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(16d) Development of Accurate Surrogate Models for Crystal Structure Prediction: Bridging the Gap between Force Fields and DFT

Bowskill, D. H. - Presenter, Imperial College London
Sugden, I. J., Imperial College London
Adjiman, C. S., Imperial College London
Pantelides, C. C., Imperial College London
Many organic molecules of industrial interest exhibit crystalline polymorphism, forming multiple solid-state structures, each displaying different physico-chemical properties. Therefore, understanding the crystal energy landscape and identifying all likely polymorphs of a commercial drug or chemical can be of great importance, especially if the compound is delivered in solid form, as is the case with suspended agrochemicals or oral dosage forms of pharmaceuticals. The discovery of new polymorphs is desirable from an R&D perspective and can help to avoid potentially disastrous situations from an operational standpoint. These observations have motivated the development of methods for polymorph structure prediction that can now be applied to molecules of industrial relevance, provided limits conformational flexibility [1].

While the field of Crystal Structure Prediction (CSP) has seen growing success over the last few decades, current approaches are limited by a conflict between accuracy and computational efficiency. On the one hand, force field-based approaches have been a staple of CSP for many years, yet due to limitations in accuracy, findings may not always align with experimental observations. Alternatively, Density Functional Theory (DFT) has emerged as a highly reliable method for the prediction of relative polymorph stabilities [2], but the computational cost of such approaches may be far beyond the resources typically available to many organisations or research groups for routine applications. The disparity between force fields and DFT is exemplified by the difference in computational cost, which often spans many orders of magnitude. Due to an increasing drive to study pharmaceutical compounds in the early stages of product development, it becomes imperative that crystal energy landscapes can be mapped quickly and reliably [3]. This motivates the development of new methods that can approach the accuracy of DFT, while remaining computationally tractable. This is especially important as the complexity of target systems continues to grow with increasing molecular size and flexibility, or with the number of components in the system (such as hydrates with unknown or variable stoichiometry).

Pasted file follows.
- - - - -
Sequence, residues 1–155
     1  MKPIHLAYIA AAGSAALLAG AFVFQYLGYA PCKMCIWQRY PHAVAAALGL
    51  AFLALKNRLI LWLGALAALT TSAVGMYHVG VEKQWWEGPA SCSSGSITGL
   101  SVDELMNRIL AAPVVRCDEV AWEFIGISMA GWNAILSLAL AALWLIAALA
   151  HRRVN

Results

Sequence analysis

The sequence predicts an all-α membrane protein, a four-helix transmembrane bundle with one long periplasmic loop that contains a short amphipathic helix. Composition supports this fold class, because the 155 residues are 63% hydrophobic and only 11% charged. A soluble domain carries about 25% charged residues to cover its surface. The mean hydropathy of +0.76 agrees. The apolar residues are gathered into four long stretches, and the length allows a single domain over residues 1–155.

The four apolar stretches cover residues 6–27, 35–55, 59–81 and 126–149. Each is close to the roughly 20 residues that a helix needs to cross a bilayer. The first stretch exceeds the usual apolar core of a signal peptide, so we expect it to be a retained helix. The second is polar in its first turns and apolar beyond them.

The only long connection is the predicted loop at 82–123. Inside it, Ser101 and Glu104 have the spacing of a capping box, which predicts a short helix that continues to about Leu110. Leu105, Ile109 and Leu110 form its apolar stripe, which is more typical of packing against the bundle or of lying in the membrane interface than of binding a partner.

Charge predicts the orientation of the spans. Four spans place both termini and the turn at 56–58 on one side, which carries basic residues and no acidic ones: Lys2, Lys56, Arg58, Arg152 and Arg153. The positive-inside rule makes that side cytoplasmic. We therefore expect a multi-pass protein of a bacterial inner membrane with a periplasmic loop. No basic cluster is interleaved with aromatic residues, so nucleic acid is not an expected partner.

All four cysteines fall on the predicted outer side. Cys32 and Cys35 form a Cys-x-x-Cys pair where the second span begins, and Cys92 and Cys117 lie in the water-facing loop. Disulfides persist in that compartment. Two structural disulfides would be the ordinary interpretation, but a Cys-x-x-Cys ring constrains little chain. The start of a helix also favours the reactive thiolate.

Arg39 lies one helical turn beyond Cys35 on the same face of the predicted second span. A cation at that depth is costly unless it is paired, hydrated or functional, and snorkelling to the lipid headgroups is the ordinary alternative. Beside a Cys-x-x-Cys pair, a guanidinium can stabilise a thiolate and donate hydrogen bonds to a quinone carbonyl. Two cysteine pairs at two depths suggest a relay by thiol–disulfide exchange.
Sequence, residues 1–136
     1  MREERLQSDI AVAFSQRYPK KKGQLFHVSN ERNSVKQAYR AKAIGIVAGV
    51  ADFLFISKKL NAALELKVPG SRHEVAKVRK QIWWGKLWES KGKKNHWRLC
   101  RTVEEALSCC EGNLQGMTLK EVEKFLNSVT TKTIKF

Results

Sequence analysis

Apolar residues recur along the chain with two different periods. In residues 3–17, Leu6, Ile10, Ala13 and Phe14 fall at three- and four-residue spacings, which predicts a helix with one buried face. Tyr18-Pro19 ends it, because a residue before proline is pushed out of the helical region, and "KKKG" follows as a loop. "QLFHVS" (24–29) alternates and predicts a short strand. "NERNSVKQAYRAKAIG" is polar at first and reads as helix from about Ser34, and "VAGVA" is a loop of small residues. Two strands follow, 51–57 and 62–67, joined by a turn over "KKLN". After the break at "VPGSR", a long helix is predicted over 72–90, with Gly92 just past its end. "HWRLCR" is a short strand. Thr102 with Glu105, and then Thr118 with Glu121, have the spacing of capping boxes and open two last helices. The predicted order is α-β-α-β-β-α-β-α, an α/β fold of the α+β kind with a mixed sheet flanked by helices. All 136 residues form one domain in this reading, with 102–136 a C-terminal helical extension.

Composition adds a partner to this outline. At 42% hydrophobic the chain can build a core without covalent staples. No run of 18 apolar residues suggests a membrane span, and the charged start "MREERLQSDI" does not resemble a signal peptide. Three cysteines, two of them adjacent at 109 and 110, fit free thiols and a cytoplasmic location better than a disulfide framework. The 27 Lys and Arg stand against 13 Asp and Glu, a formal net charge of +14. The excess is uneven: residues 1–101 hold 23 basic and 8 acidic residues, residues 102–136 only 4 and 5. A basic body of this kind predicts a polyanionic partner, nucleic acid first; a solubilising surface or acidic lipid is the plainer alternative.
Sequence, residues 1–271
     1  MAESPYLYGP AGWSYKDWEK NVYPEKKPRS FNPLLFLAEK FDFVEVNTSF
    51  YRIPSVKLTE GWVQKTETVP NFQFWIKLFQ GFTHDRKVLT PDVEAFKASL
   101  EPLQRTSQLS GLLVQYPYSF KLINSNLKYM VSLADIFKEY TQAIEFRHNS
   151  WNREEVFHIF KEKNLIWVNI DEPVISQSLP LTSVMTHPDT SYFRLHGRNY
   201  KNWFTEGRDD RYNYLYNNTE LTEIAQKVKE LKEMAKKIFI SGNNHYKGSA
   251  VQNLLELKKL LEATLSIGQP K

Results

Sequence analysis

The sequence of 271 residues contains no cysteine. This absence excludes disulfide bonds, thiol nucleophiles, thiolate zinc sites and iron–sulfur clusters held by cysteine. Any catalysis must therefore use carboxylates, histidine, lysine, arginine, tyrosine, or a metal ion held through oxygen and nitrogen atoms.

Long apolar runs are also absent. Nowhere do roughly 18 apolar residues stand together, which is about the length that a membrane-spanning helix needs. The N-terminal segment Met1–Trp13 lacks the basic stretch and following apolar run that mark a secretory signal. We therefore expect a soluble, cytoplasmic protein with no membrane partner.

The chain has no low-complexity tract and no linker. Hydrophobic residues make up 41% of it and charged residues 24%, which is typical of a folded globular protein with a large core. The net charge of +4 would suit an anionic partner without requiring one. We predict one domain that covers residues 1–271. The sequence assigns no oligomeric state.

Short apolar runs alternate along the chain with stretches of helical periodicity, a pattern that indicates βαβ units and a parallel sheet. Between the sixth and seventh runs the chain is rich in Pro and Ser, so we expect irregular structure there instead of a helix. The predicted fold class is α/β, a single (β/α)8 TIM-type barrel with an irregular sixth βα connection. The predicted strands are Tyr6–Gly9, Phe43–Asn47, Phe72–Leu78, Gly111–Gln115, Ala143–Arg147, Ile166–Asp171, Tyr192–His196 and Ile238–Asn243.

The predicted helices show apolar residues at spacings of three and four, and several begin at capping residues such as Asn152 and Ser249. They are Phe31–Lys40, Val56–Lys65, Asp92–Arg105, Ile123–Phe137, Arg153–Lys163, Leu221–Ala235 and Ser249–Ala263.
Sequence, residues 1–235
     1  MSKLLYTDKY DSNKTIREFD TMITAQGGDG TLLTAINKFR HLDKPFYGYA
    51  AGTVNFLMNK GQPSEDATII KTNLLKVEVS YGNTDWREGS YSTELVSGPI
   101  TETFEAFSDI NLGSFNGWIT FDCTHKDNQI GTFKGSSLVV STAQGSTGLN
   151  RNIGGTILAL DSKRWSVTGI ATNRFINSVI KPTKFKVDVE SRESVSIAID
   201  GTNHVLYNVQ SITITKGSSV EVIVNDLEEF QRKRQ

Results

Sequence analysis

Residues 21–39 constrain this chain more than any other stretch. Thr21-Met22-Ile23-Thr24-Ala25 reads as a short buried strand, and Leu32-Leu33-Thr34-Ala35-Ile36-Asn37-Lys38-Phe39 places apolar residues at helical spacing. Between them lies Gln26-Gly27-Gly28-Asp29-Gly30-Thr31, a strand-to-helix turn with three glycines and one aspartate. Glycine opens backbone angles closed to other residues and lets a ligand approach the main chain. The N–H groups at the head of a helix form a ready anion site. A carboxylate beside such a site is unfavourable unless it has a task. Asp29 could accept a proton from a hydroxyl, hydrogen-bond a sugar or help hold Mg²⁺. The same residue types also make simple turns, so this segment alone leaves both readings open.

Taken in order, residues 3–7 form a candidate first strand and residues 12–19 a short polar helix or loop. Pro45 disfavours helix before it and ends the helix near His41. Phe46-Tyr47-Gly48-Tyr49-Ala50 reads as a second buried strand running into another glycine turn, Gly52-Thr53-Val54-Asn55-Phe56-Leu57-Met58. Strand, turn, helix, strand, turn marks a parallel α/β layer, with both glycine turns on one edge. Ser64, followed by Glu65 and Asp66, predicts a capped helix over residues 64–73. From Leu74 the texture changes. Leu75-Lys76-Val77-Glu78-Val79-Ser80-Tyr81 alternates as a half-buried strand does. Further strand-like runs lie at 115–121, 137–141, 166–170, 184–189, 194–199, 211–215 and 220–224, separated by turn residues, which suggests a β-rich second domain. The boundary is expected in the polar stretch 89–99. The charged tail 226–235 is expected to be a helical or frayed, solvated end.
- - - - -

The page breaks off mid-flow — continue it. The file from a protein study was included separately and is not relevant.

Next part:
In this talk, we will demonstrate recent advancements in force field parameter estimation capabilities for a well-established class of hybrid ab initio/empirical models used in CSP [4]. Using carefully curated training sets that include crystal energies, and optimal lattice geometries obtained from DFT calculations, the empirical component of this hybrid model is re-parameterised to create an effective surrogate model of DFT. Such data, while expensive to generate, are only calculated once and can be re-used to adjust the empirical component subject to changes in the ab initio term. This parameter estimation process can now be performed rapidly to obtain globally optimal parameter sets, and as the form of the force-field potential is unchanged, the computational cost remains low. The effectiveness of this approach has been demonstrated in a recent publication on the development of system specific parameters [5]. Further to this, we investigate the development of transferable parameters from large sets of DFT training data which include atoms common to organic molecules. We investigate the accuracy and computational efficiency of the resulting potentials relative to DFT models.

[1] Nyman, Jonas, and Susan M. Reutzel-Edens. "Crystal structure prediction is changing from basic science to applied technology." Faraday discussions 211 (2018): 459-476.

[2] Hoja, Johannes, et al. "Reliable and practical computational description of molecular crystal polymorphs." Science advances 5 (2019): eaau3338.

[3] Price, Sarah L., and Susan M. Reutzel-Edens. "The potential of computed crystal energy landscapes to aid solid-form development." Drug Discovery Today 21 (2016): 912-923.

[4] Pantelides, Constantinos C., Claire S. Adjiman, and Andrei V. Kazantsev. "General computational algorithms for ab initio crystal structure prediction for organic molecules." Prediction and Calculation of Crystal Structures. Springer, Cham, 2014. 25-58.

[5] Bowskill, David H., Sugden, Isaac J., George, Neil, Keates, Adam, Webb, Jennifer, Pantelides, Constantinos C., and Adjiman, Claire S. “Efficient parameterization of a surrogate model of molecular interactions in crystals.”, In Computer Aided Process Engineering. Elsevier, 2020 (in press)